Rights group calls for US foreign aid use on post-rape abortions in conflict zones

Reproductive and human rights advocates pressed President Obama Wednesday to issue an executive order clearing the path for U.S. foreign aid for post-rape care services – including abortions – in parts of the world reeling from crisis or conflict.

From the war-torn Democratic Republic of the Congo to the typhoon-ravaged Philippines, hundreds of thousands of women and girls are raped every year in places besieged by violence and natural disaster, according to estimates from the Center for Health and Gender Equity (CHANGE).

Federal law dating back to 1973 prohibits the use of U.S. funds to “pay for the performance of abortion as a method of family planning or to motivate or coerce any person to practice abortions.”

The language, called the Helms Amendment, after former Sen. Jesse Helms (R-N.C.), does not, however, bar the use of U.S. aid to pay for abortions in cases of rape, activists from CHANGE, the Global Fund for Women and Human Rights Watch contend.

The statute has blocked funding from going to those services, however, as part of American humanitarian efforts overseas, they said.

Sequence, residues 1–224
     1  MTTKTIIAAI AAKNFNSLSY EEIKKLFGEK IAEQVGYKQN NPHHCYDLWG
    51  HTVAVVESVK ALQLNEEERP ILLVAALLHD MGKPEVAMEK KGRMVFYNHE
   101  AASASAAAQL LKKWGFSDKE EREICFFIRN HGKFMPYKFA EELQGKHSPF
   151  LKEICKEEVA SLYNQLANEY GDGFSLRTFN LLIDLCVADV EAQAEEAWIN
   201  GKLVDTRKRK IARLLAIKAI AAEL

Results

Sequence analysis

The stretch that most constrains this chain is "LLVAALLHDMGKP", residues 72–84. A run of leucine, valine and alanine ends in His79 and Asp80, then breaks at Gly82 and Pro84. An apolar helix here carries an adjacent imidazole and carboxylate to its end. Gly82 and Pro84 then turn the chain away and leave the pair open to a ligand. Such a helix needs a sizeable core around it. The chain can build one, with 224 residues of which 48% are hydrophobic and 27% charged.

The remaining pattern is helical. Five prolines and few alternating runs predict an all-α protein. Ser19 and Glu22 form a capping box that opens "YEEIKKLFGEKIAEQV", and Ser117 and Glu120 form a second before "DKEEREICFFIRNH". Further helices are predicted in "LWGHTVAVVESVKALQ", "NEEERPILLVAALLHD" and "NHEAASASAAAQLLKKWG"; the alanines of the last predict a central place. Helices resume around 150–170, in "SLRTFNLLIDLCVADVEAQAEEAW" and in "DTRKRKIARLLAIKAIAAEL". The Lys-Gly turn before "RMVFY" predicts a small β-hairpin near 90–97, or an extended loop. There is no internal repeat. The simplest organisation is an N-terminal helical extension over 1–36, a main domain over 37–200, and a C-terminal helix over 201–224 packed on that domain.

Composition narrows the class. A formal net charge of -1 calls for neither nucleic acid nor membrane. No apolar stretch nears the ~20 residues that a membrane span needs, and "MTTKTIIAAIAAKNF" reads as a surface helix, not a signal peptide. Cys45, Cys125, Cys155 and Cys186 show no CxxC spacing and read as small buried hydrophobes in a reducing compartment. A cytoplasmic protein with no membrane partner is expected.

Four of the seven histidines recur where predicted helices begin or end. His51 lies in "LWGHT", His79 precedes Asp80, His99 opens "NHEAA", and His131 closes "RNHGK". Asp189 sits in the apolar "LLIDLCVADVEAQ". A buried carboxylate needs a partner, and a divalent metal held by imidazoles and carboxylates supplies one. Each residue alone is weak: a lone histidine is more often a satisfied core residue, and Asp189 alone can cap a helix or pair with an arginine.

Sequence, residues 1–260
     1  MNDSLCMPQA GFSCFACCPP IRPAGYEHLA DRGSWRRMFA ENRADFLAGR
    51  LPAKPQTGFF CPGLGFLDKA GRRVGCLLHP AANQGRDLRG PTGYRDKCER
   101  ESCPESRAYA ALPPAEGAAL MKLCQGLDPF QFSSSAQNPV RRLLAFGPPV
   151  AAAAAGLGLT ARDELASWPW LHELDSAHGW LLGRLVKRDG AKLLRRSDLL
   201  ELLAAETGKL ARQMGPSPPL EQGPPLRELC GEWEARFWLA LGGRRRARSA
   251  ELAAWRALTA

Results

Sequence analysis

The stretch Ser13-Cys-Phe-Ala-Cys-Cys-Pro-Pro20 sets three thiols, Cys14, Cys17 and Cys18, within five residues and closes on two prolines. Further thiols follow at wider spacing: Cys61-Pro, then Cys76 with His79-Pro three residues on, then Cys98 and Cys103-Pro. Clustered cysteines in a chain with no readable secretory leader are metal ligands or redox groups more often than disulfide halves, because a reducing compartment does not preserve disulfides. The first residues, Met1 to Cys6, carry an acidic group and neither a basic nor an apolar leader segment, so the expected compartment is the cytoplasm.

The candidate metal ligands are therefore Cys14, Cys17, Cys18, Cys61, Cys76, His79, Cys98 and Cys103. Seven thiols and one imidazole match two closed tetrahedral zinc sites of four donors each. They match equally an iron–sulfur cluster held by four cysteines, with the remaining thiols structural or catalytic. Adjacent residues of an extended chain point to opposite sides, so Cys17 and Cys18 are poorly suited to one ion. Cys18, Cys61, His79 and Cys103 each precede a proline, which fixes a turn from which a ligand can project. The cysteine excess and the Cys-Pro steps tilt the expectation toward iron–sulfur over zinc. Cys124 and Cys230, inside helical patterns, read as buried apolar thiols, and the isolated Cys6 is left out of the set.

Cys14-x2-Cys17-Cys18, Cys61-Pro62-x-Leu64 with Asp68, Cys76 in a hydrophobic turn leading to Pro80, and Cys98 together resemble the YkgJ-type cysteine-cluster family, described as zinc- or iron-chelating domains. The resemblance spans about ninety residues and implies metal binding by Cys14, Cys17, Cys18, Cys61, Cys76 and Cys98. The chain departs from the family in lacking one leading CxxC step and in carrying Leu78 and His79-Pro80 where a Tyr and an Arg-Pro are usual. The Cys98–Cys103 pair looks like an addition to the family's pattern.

“This creates a barrier for care for women and girls in some of the most difficult settings,” CHANGE President Serra Sippel said during remarks Wednesday at The National Press Club.

Sippel said Obama could act unilaterally to clarify that funding could go toward those services.

“It does not require act of Congress,” she said. “We know that rape is not family planning.”

The group has initiated discussions with officials at the State Department and the United States Agency for International Development (USAID), and is requesting meetings with the White House to make the case for an executive order, Sippel said.

Proponents acknowledge the likelihood of some pushback from anti-abortion groups, but point to broad public support for abortion funding in cases of rape, incest or life endangerment.

They said that congressional Republicans would be reluctant to mount aggressive opposition to an order from Obama, particularly following a 2012 election cycle that saw some GOP candidates excoriated for their stated views on rape and pregnancy.

“This should be something he could do, I think, at a relatively small political cost,” said Liesl Gerntholtz, executive director of the women’s rights division at Human Rights Watch. 

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